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Fact or Fiction:
- Carrots can be good for your eyes – Fact.
- Reading in the dark is bad for your vision – Fiction.
- Wearing UV sunglasses in bright sunshine can help protect your eyes – Fact.
When it comes to your vision, it may be difficult to separate fact from fiction. Like sitting too close to the television damages your eyes (also false).4 But there are things that can in fact harm your vision.
One of them is diabetes, which can lead to a disease called Diabetic Macular Edema or DME. Another is the simple act of aging; after age 60, you have a greater likelihood of developing a disease called wet age-related macular degeneration or wet AMD.5
Both DME and wet AMD are retinal diseases caused by damaged blood vessels in the area of the macula, the region of the retina located at the back of the eye. 5, 6 This area is important for the sharp, straight-ahead vision we need to read, recognize faces, and even drive our cars.6
Both diseases have the potential to cause severe vision loss and even blindness.
Common symptoms of wet AMD and DME include straight lines that appear wavy and blurry vision.5, 6 Wet AMD is often mistaken as signs of general vision loss due to aging, and DME can be overlooked due to many other diabetes-associated complications.
The best course of action is to visit your eye doctor and have your eyes checked to understand about how you can help protect against vision loss.
Jonathan L. Prenner joined me to explain why it’s important to prioritize your vision. Dr. Prenner also discussed ways everyone can work with their eye doctor to help in protecting against vision loss caused by these retinal diseases. Joining him was Maryanne Kass, who shared her personal medical story.
Take a look below.
For more information, visit: LookToYourFuture.com
Protecting Against Vision Loss
Meet Our Guests
Protecting Against Vision Loss
Dr. Jonathan L. Prenner holds a number of leadership positions in the field of vitreoretinal surgery. Dr. Prenner serves as both the Reviews Article Section Editor and Assistant Editor of the standard scientific journal for our field, RETINA: the Journal of Retina and Vitreous Diseases. He is the founder and chief medical editor of the journal New Retina MD and hosts the Retina Today Video Journal Club. In addition, he sits on the board of directors of the American Society of Retinal Specialists. Dr. Prenner serves as Interim Chairman and associate clinical professor in the department Ophthalmology at Rutgers Robert Wood Johnson Medical School and the Robert Wood Johnson University Hospital. He has been elected by his peers for inclusion in Best Doctors in America since 2008 and is listed as a U.S. News and Castle Connolly best doctor and as one of New York Magazine’s Best Doctors.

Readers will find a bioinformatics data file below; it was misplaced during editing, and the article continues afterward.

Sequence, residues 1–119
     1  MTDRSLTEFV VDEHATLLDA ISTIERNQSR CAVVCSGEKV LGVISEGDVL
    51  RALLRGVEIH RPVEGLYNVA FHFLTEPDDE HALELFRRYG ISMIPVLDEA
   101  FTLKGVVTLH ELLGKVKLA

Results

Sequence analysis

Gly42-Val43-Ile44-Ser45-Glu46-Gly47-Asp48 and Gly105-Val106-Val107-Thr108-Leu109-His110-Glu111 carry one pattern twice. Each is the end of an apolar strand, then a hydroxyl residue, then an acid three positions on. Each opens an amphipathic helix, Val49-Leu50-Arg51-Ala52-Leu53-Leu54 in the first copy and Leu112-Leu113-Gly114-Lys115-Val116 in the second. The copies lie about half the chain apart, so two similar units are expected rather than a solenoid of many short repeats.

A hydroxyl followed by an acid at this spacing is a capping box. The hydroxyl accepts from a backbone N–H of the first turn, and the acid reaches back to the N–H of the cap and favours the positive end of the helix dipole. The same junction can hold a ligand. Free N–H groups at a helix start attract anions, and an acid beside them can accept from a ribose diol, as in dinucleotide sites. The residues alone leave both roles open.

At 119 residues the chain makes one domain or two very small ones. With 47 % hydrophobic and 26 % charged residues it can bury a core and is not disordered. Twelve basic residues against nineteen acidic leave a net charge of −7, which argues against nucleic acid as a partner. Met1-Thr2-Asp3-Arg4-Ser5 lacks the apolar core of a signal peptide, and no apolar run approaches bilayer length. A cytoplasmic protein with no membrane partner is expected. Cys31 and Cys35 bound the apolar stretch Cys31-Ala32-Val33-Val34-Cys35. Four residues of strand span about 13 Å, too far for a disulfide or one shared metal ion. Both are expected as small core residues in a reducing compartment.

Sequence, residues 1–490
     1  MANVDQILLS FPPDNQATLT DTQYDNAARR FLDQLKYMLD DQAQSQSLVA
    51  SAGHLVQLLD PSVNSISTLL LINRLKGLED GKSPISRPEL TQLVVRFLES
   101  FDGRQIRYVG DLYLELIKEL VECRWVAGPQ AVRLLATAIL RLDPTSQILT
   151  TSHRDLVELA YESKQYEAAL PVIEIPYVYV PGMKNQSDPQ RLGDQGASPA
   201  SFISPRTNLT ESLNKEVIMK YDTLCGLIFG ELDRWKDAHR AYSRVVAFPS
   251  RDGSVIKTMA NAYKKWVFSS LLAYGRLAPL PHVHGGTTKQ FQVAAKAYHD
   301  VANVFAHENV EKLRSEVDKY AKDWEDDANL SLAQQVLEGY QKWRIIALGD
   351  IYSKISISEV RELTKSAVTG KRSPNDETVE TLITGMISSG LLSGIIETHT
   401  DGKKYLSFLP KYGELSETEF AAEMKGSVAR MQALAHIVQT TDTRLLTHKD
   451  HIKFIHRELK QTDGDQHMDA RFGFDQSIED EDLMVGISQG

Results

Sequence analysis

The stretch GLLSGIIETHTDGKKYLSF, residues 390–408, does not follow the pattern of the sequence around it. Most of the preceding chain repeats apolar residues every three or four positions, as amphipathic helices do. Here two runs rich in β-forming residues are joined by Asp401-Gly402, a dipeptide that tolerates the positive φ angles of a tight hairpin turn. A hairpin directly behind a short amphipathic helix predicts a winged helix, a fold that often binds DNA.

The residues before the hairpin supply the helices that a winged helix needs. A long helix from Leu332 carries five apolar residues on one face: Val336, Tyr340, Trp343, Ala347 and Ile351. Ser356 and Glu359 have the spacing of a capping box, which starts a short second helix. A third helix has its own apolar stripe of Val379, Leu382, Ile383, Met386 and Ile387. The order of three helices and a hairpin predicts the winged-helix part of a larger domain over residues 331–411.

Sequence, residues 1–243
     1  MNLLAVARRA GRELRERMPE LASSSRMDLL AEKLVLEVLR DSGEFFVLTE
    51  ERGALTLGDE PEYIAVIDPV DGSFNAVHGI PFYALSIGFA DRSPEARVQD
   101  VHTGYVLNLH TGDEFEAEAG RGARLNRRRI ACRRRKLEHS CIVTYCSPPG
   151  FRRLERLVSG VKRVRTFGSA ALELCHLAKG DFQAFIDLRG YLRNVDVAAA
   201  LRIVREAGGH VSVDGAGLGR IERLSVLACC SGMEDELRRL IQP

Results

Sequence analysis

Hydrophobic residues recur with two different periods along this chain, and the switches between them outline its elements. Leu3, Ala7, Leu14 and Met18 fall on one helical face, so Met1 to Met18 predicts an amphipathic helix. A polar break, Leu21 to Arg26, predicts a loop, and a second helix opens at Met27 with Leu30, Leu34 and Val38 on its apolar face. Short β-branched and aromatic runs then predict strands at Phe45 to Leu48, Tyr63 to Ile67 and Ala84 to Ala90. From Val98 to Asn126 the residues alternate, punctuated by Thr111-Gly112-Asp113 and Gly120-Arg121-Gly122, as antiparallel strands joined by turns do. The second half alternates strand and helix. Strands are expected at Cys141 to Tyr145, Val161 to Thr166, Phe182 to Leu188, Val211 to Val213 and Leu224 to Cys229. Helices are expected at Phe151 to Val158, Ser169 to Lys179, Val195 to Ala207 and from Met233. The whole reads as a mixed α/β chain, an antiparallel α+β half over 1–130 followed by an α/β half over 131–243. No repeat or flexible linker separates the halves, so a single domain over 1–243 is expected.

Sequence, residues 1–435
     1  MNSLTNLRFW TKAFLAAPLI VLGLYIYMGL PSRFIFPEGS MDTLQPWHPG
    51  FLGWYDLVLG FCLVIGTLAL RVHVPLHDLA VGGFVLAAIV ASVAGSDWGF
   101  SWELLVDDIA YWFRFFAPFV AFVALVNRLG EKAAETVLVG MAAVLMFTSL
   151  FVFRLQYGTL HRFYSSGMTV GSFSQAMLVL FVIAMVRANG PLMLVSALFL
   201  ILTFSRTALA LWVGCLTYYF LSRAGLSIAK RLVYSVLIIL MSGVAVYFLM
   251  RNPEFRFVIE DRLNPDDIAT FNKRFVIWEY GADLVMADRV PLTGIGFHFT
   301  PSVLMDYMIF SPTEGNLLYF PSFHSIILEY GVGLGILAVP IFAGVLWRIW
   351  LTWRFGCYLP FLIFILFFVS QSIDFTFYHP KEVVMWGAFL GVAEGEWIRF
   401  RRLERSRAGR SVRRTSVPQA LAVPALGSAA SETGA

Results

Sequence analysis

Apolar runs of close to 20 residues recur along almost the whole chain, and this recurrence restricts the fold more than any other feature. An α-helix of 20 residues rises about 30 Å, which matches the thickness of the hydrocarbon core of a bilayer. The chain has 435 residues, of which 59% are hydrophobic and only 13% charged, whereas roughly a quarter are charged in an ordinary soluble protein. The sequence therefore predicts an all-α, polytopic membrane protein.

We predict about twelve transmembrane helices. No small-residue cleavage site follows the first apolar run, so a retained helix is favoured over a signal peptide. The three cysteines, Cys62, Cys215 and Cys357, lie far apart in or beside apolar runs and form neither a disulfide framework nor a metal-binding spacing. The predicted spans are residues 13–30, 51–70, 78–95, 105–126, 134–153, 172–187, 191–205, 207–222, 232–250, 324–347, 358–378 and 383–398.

Dr. Prenner received his undergraduate degree from the University of Pennsylvania and his medical doctor degree from the State University of New York at Stony Brook.
Dr. Prenner is Board Certified in Ophthalmology. He is a member of the American Academy of Ophthalmology, American Society of Retina Specialists, Retina Society, Society of Heed Fellows, Alpha Omega Alpha, ARVO, Club Vit, and the Buckle Vit Society. He maintains special interests in complicated retinal detachment, secondary intraocular lens surgery, diabetic eye disease, and age-related wet macular degeneration.
Maryanne Kaas was diagnosed with Type 2 diabetes at the age of forty. She knew poor vision and amputation could result from the disease, but always thought that “it could never happen to me.” So she put it out of her mind. As the years passed, Maryanne discovered that she was not immune to vision issues. Her eyes gradually worsened, and she eventually needed cataract surgery. The operation revealed other damage, and so at the age of forty-nine, she was diagnosed with Diabetic Macular Edema (DME). Maryanne realized she could not risk being in denial any longer, so she began treatment.
Now Maryanne is able to continue going to the movies, teaching traveling, and doing other things she loves. She also speaks publicly about her condition. She has lost enough of her vision to understand that the sight she still has is a blessing. And so now, she wants to help others see things for what they really are.
Harvard Health. Safeguarding Your Sight. http://www.health.harvard.edu/healthbeat/safeguarding-your-sight. Accessed October 6, 2016.
 Harvard Health. Safeguarding Your Sight. http://www.health.harvard.edu/healthbeat/safeguarding-your-sight. Accessed October 6, 2016.
 Centers for Disease Control and Prevention. Eye Health Tips. https://www.cdc.gov/visionhealth/basic_information/eye_health_tips.htm. Accessed October 6, 2016.
4 AAO. Can Sitting Too Close to the TV Damage Your Eyes? https://www.aao.org/eye-health/ask-ophthalmologist-q/can-close-tv-viewing-damage-eyes. Accessed November 21, 2016
National Eye Institute. Facts About Age-Related Macular Degeneration.https://nei.nih.gov/health/maculardegen/armd_facts. Accessed November 21, 2016
National Eye Institute. Facts About Diabetic Eye Disease. 2015.https://nei.nih.gov/health/diabetic/retinopathy. Accessed October 5, 2016.